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Single-engine or twin-engine aircraft?
Let your needs narrow your choices
Among the many decisions you will make when choosing an airplane is whether to purchase a single-engine or a twin-engine model. Thousands of business owners and recreational pilots begin their venture into aviation with a single-engine piston airplane, while others find a twin-engine better fulfills their needs.
Comparing the capabilities and features of each in terms of performance, peace of mind, training and maintenance will help you determine which aircraft will help you best meet your goals.
Both twin-engine and single-engine piston aircraft are well-suited for short missions under 300 miles. They can easily access smaller airports with shorter runways, increasing the number of airstrips they’re able to reach within their ranges.
The second engine increases an aircraft’s payload and speed. In addition to faster cruise speeds, the added horsepower of a second engine also improves takeoff and climb performance.
Peace of mind
Intangibles such as peace of mind are often decision-makers for owners and operators. Many prefer the redundancy of a twin-engine aircraft when their typical missions take them over mountains or large bodies of water. Some twin-engine models, like the Beechcraft® Baron®, include added engineering that keeps all systems—even cabin comforts—running off one engine.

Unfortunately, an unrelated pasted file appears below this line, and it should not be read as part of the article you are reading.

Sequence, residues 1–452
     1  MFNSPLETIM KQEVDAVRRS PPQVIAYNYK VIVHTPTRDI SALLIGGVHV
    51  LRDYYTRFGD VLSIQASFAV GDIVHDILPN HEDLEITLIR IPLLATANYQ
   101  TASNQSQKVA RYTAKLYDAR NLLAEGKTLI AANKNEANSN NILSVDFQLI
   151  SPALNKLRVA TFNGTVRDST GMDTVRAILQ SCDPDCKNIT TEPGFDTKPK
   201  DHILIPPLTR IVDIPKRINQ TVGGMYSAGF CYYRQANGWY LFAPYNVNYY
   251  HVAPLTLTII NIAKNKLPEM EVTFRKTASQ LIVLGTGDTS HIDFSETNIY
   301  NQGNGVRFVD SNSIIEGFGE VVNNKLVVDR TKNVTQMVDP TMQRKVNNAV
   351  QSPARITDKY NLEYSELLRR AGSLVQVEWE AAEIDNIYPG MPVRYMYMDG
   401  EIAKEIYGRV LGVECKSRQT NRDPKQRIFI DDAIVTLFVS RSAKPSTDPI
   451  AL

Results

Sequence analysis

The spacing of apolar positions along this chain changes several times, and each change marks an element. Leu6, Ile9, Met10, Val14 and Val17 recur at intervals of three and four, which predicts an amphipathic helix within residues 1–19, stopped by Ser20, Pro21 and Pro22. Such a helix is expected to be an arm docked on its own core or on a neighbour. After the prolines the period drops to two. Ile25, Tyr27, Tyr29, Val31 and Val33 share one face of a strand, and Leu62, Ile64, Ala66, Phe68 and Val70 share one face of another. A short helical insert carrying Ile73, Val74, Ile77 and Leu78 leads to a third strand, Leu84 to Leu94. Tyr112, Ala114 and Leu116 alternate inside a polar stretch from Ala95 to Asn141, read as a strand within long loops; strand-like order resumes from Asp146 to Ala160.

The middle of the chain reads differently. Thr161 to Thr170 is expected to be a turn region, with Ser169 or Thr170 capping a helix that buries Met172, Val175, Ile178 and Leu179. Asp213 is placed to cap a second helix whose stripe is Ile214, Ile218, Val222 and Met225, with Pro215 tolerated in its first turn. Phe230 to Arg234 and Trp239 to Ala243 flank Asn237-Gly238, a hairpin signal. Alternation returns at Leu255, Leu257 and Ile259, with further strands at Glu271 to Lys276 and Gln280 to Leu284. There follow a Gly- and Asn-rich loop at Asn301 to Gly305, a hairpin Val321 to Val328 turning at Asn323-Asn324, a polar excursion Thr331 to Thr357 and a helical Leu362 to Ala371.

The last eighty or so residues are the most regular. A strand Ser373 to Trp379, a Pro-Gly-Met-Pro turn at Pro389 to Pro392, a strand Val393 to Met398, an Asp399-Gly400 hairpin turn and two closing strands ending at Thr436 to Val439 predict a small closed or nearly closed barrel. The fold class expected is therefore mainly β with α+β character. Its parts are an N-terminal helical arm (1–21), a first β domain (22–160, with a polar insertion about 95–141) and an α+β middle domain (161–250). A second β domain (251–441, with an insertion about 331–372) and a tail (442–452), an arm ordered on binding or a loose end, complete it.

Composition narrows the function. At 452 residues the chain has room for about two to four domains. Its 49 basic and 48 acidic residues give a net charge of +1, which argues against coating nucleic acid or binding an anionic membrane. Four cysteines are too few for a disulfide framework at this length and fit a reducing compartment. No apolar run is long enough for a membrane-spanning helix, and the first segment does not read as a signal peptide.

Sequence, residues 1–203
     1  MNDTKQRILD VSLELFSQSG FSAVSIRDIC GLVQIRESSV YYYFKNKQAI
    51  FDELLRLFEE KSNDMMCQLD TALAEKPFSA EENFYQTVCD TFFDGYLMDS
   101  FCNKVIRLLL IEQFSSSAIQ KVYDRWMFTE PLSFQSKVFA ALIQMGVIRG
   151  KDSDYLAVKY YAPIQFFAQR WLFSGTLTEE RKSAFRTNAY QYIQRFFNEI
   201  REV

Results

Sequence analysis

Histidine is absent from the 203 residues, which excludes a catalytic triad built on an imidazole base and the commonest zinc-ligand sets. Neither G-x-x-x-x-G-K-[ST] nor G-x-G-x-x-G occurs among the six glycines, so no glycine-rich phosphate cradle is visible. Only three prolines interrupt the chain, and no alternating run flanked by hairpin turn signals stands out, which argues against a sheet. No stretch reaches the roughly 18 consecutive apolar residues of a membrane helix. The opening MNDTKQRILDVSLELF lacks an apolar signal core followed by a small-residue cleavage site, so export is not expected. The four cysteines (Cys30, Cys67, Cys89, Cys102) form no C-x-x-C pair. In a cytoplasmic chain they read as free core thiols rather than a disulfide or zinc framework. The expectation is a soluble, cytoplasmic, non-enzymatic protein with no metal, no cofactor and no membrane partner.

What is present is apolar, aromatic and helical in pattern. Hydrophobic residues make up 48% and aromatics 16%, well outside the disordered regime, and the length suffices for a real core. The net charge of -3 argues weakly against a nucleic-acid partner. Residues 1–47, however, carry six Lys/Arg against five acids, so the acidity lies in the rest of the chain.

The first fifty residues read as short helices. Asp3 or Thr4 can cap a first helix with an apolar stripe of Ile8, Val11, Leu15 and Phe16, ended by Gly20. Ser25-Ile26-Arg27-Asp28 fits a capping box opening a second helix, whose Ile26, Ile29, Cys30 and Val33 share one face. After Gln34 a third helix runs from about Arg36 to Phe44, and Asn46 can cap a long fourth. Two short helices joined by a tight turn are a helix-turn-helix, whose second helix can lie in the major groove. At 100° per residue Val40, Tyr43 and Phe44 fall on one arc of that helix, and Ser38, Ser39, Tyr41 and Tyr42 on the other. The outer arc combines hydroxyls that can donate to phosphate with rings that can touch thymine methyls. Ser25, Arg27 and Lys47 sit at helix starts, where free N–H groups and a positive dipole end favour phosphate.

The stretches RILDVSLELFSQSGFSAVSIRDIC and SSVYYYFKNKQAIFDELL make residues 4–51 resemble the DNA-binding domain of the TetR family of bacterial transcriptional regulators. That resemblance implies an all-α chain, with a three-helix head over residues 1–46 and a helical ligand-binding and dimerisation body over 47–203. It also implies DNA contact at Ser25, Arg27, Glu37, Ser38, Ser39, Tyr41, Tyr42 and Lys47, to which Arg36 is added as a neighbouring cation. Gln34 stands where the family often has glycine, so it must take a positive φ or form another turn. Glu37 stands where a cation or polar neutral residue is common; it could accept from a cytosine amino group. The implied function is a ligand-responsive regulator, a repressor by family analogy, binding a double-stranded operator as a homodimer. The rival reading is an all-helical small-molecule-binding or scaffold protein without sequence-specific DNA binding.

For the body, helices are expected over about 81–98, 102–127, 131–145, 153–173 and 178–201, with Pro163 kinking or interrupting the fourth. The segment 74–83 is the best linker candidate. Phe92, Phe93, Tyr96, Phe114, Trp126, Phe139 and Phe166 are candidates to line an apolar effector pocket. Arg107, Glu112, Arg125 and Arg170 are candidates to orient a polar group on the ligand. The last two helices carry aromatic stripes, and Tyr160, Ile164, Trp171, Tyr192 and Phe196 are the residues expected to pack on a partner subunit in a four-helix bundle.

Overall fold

Of course, modern single-engine airplanes are also incredibly advanced. They’re equipped with the latest technology, including autopilot systems that help with handling.
Flying a single-engine or a twin-engine aircraft requires the same base instruction and licenses, but if you’re planning to fly a multi-engine aircraft, the Federal Aviation Administration requires more training, because with two engines, there’s more to manage and monitor in the cockpit.
Any complete aircraft type rating demands intimate knowledge, practice and preparation for safe operation.
If your mission profile still has you deciding between a single-engine and twin-engine aircraft, maintenance costs could be the deciding factor. A common misconception is a twin-engine aircraft costs twice as much to maintain and operate, because it has two engines. While it’s true keeping up with inspections, overhauls and unscheduled repairs will cost you more on a twin-engine than a single-engine, overall it’s considerably less than double the price.
Once you review these four considerations, match your specific needs to the available models. Your options should narrow to just a handful of choices—a much more manageable task.